India is a country of contrasts. $500 a night five-star hotel complexes stand alongside shanty towns where people live in the poorest conditions, and as you drive through the streets of New Delhi, there is a bizarre and almost jarring mix between traditional and western culture. Girls in jeans and sunglasses rub shoulders with contemporaries in saris, and nobody looks twice.
At heart, however, India is very much a country of traditional, some might say old-fashioned values, particularly when it comes to questions of gender equality. The arrival, then, of India’s first female poker professional on the circuit is making waves that go way beyond poker circles.
Inspired by the online poker scene
Muskan Sethi has always had a passion for card games. As a child, she learned card tricks to entertain family and friends, but it was the game of poker that really intrigued her. From a young age, she attended tournaments with her father to watch the professionals in action, but it was the advent of the internet age that inspired her to get involved herself.
In her student years, she began to watch global tournaments on youtube, and to play on Facebook. The proliferation of online poker sites is what made it possible for her to develop her own skills in what is still a male-dominated pastime. Sethi predicts that the accessibility that online poker brings means it will open the game up to more female players, both in India and the wider world.
She told local reporters: “The game is male dominated, but that’s only because most women have not tried it yet. In my opinion, online poker is the best place to start, you can enjoy it alongside any other commitments you may have, as a recreational hobby, that is relaxing and can be rewarding.”
Sethi is currently in Las Vegas, and is part of India’s team at the WSOP. But her main focus is on the Global Poker League, and on winning a platinum pass to join the top players in the world at the PokerStars Players Championship, which takes place in the Bahamas next January. Of the 108 players to have qualified so far, only two are women.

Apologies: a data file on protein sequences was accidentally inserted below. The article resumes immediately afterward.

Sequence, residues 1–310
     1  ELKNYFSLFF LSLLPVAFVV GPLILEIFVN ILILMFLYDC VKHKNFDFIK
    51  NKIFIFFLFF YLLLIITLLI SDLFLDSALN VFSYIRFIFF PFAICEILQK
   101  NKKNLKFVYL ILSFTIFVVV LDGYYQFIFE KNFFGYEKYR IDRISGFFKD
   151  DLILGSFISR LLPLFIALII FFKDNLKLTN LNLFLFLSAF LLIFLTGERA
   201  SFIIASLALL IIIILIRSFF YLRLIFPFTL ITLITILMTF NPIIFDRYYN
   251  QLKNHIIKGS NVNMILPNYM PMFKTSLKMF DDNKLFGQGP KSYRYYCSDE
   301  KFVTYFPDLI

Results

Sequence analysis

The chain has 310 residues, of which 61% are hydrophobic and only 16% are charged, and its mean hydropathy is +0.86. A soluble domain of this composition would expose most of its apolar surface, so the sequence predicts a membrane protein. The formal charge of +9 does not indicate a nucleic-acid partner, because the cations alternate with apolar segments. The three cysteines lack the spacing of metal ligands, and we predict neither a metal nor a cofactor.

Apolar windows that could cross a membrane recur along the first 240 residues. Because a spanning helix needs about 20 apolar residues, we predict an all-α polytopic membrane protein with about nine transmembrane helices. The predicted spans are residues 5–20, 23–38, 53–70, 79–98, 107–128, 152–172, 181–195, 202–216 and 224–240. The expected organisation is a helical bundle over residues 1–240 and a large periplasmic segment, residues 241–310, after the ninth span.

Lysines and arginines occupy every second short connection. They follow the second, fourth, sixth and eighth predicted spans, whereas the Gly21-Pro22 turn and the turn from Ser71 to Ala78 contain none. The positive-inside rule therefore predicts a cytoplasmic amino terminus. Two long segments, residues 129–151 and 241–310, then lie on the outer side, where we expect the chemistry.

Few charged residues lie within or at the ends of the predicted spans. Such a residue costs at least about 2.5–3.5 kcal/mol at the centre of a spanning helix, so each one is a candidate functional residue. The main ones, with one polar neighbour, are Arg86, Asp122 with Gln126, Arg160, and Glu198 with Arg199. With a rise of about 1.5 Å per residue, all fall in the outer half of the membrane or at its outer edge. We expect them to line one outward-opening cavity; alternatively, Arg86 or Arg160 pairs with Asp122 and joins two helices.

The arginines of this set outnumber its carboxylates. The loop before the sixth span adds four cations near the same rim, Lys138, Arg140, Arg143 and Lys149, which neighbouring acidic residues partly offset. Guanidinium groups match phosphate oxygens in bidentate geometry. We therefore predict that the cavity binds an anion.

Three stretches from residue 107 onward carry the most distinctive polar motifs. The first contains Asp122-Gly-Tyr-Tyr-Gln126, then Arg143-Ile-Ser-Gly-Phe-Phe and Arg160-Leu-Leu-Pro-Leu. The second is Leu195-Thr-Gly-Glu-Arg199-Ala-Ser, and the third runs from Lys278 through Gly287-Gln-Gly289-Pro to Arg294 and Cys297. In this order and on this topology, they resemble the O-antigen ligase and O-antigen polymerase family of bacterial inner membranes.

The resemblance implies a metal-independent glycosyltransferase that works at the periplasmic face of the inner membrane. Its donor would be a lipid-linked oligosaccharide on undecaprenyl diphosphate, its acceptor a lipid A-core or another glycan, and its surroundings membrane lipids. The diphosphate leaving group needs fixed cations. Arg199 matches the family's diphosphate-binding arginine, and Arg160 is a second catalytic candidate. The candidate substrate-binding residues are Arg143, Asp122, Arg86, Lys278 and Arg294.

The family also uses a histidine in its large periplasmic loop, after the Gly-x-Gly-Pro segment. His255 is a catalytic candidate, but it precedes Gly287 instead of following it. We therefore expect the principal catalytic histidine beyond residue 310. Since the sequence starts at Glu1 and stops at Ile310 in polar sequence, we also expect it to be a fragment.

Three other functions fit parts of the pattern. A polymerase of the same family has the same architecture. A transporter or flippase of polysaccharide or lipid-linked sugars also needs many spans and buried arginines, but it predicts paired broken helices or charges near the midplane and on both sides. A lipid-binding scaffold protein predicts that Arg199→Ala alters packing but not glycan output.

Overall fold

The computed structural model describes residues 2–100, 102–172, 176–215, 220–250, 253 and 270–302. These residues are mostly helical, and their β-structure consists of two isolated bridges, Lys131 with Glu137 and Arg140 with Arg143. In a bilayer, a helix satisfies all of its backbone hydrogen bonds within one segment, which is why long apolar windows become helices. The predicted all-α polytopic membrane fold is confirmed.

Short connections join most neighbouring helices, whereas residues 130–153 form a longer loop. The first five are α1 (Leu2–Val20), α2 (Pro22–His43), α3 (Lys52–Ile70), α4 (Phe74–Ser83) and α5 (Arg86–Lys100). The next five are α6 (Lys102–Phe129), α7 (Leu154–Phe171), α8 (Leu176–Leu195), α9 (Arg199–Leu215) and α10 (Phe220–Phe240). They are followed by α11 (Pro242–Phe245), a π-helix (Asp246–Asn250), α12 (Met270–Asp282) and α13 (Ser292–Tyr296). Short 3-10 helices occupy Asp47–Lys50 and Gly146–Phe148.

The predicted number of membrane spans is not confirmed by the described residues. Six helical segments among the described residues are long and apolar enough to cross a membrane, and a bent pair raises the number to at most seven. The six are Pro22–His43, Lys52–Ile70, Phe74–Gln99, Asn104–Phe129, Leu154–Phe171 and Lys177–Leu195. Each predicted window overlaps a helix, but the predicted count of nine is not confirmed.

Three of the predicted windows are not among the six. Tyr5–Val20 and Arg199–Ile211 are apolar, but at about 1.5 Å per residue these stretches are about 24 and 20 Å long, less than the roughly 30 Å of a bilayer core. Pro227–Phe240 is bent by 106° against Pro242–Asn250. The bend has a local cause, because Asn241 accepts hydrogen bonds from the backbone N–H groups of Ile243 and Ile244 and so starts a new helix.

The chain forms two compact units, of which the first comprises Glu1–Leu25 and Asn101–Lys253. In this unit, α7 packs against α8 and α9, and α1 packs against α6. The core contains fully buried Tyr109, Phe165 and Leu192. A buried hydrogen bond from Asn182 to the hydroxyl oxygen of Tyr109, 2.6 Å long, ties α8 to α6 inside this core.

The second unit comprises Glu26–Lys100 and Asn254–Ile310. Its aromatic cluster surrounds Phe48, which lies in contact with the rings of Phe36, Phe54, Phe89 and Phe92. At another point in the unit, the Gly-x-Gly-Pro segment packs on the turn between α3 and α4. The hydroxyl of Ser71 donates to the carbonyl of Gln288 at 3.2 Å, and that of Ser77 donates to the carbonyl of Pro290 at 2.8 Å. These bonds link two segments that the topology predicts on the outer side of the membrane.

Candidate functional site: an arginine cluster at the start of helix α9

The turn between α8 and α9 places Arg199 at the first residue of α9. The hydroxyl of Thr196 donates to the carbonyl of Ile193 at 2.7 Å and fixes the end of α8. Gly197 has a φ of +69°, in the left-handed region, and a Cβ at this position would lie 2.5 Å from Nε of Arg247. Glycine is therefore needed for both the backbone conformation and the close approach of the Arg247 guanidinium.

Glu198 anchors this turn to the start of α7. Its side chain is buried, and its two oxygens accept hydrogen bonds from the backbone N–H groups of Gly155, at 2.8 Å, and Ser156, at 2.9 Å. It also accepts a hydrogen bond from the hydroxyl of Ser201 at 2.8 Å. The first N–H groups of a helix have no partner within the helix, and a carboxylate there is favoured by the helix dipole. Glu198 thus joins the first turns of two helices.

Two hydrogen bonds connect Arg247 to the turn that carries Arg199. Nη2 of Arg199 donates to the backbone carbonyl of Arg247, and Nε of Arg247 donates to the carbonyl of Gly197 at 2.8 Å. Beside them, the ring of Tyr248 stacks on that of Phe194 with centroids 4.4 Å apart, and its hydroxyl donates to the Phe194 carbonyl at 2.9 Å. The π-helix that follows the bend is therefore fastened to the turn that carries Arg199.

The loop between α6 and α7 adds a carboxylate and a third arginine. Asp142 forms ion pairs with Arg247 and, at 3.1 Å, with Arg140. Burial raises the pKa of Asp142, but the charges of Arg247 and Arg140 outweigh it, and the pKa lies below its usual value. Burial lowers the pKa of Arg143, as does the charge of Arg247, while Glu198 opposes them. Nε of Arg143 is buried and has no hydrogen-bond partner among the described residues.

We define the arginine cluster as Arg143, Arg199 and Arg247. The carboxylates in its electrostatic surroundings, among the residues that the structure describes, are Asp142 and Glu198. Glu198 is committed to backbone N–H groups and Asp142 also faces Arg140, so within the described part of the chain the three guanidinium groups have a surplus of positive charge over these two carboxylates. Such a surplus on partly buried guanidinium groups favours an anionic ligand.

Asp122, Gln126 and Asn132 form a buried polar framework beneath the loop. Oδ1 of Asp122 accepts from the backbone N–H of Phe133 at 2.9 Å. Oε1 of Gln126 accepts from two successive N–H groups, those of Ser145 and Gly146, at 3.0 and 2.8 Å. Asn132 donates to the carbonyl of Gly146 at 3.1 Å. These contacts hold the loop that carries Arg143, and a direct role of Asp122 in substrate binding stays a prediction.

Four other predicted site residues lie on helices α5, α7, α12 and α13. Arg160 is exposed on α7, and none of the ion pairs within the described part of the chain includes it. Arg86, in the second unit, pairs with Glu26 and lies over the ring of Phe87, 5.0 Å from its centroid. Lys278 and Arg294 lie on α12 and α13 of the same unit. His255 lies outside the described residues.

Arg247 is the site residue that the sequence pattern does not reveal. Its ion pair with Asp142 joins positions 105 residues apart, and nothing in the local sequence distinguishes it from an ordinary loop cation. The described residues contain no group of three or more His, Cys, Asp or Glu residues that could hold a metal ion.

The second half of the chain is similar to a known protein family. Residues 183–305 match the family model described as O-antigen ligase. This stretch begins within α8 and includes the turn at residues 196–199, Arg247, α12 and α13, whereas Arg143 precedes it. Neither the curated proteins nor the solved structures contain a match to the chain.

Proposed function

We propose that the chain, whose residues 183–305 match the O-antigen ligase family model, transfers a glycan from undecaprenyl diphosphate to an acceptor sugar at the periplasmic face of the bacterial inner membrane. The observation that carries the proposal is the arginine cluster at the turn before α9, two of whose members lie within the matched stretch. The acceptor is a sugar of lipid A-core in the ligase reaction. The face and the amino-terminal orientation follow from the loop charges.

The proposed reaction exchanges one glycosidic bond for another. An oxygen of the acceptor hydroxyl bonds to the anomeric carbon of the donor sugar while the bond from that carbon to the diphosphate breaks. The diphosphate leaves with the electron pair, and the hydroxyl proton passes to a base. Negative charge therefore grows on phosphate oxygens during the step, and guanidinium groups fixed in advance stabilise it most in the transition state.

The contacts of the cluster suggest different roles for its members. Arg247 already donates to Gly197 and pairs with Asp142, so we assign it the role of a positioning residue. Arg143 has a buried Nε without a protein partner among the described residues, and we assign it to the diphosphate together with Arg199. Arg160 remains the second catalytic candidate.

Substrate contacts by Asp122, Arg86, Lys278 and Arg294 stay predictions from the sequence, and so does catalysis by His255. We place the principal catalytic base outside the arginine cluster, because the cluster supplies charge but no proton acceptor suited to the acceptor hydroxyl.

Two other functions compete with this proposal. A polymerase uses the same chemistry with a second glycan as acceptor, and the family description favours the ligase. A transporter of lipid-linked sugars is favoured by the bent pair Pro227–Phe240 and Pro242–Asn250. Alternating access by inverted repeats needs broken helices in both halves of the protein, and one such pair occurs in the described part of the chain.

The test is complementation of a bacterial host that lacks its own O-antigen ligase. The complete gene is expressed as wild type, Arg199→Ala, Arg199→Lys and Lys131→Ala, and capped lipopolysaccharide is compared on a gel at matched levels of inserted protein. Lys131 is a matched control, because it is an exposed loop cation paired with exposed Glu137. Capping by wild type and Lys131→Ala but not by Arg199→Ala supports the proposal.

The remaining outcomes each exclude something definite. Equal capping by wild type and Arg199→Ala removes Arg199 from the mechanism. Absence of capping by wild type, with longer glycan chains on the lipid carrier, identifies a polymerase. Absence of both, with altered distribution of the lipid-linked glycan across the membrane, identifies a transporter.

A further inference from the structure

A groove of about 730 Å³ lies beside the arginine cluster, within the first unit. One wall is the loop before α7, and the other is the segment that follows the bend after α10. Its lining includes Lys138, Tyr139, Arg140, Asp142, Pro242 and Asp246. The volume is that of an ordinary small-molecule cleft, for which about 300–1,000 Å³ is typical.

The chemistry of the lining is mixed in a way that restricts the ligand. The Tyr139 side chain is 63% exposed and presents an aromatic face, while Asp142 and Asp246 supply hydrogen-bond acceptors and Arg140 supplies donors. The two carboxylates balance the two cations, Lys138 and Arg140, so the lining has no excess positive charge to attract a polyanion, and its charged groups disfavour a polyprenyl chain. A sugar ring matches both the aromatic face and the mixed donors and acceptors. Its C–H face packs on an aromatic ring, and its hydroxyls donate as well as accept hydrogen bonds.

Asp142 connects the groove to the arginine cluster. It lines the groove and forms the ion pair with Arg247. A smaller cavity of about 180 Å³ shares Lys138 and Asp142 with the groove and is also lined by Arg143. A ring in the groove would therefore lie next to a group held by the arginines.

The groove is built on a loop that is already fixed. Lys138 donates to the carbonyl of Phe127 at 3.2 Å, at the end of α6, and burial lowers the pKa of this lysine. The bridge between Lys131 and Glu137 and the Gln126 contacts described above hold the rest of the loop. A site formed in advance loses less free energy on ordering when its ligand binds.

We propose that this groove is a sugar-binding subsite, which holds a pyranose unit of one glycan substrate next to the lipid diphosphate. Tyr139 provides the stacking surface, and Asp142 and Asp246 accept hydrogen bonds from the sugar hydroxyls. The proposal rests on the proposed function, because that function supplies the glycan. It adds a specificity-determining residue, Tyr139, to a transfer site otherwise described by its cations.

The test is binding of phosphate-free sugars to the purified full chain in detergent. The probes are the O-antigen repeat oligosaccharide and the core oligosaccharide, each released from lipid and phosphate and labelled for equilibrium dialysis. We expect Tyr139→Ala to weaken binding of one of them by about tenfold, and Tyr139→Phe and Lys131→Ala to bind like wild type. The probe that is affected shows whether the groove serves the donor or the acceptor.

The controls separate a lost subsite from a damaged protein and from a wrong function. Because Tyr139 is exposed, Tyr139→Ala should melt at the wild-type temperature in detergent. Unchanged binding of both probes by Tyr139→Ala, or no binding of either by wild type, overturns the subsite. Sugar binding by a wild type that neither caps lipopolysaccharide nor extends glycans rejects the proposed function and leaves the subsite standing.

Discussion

Breaking down boundaries
The 28 year old is only too well aware that not everyone will see her success in a positive light and has had to tolerate her share of inane questions and trolling on her Twitter feed.
However, she takes the negativity in her stride, and treats such inane tweets as “Why do you want to gamble for a living? Nobody will marry you!” with the contempt they deserve.
She has also used her profile as an empowered young Indian woman to make a stand in other areas. For example, during the recent Wimbledon tournament, she highlighted the lack of Indian women involved.
The tennis comparison is, perhaps one worth examining more closely. In some ways, Sethi’s profile is similar to that for Sania Mirza, the Indian tennis player whose career will sadly be better remembered for the controversy she attracted and the criticism that traditionalists in her homeland were eager to heap upon her than for her undoubted sporting talent.
A national celebrity
Nevertheless, ten years is a long time, and Sethi is different to Mirza in a number of ways. For one thing, he has the unstinting support of her family, who are all keen poker players themselves. But even more importantly, this is a woman with a nation behind her. Earlier this year, she was one of a number of women honoured by Indian President Ram Nath Kovind at the nation’s inaugural “First Ladies” awards.
The ceremony paid tribute to 112 women from a whole range of areas who have challenged traditional stereotypes and forged careers in unconventional directions. To see the nation’s first professional poker player honoured alongside airline pilots, politicians, a racing driver, a mountaineer and even a professional wrestler shows just how much attitudes are changing at the highest level.
Sethi told reporters that she felt proud and honoured to be “counted amongst these strong, beautiful and accomplished women.”
More to come
Muskan Sethi is delighted to see the changing attitudes in her home country. She feels that these, along with the ability for anyone, regardless of age, sex or social background, to play poker online, mean that while she might be the first, she certainly will not be the last female poker pro to come out of India.
She feels that there is no physical reason women can’t be as successful as men in the game, given that success depends on strategic skills and mental capability. As someone who is already being held up as an example and an inspiration, it will be interesting to see how many follow in her footsteps over the coming months and years.